If ten people, or five, are together in a room, and two of them want to pull away to one side to have a quiet talk together, they need a place to do it. Only the alcove, or some version of the alcove, can give them the privacy they need, without forcing them to give the group up altogether
Make small places at the edge of any common room, usually no more than 6 feet wide and 3 to 6 feet deep and possibly much smaller. These alcoves should be large enough for two people to sit, chat, or play and sometimes large enough to contain a desk or a table.
Give the alcove a ceiling which is markedly lower than the ceiling height in the main room - Ceiling Height Variety (190); make a partial boundary between the alcove and the common room by using low walls and thick columns - Half-Open Wall (193), Column Place (226); when the alcove is on an outside wall, make it into a window place, with a nice window, low sill, and a built-in seat - Window Place (180), BUILTIN SEATS (202); and treat it as Thickening the Outer Walls (211). For details on the shape of the alcove, see The Shape of Indoor Space (191).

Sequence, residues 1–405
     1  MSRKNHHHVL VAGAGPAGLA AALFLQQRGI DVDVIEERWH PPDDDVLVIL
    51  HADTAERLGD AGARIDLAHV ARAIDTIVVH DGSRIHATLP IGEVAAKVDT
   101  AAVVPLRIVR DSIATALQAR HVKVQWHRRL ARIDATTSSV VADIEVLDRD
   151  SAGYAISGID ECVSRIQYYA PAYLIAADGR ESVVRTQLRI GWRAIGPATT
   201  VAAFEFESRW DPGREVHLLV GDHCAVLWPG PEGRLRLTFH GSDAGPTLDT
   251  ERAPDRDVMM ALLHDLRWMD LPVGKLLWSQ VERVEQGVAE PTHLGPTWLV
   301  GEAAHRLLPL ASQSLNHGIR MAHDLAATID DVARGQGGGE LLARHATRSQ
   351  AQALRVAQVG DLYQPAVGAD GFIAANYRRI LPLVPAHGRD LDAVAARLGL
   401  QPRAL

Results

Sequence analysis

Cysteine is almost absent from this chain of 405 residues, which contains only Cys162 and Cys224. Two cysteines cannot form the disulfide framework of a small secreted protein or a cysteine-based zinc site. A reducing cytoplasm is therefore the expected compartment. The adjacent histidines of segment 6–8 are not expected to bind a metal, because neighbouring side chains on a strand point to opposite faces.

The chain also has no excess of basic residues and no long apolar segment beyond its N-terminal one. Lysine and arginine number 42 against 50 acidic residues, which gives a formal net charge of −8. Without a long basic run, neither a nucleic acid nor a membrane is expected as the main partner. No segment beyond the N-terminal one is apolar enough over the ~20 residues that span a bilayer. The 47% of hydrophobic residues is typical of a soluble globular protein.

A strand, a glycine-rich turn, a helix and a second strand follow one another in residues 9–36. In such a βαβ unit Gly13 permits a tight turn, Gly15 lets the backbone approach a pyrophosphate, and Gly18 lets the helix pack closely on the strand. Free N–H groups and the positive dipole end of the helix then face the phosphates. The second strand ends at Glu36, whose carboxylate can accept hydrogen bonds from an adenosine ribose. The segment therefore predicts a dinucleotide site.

A Pattern Language is published by Oxford University Press, Copyright Christopher Alexander, 1977.